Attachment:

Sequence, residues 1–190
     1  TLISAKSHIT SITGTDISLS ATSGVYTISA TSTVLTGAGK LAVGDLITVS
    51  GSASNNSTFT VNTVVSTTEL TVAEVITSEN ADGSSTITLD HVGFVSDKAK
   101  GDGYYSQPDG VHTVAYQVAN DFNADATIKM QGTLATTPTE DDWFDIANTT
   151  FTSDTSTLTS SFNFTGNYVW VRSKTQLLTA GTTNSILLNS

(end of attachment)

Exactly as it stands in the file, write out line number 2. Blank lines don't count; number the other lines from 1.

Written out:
     1  TLISAKSHIT SITGTDISLS ATSGVYTISA TSTVLTGAGK LAVGDLITVS